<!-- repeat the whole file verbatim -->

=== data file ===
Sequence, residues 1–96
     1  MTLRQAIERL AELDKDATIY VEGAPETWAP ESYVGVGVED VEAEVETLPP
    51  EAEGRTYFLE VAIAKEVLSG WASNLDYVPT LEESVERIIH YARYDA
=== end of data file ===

Sequence, residues 1–96
     1  MTLRQAIERL AELDKDATIY VEGAPETWAP ESYVGVGVED VEAEVETLPP
    51  EAEGRTYFLE VAIAKEVLSG WASNLDYVPT LEESVERIIH YARYDA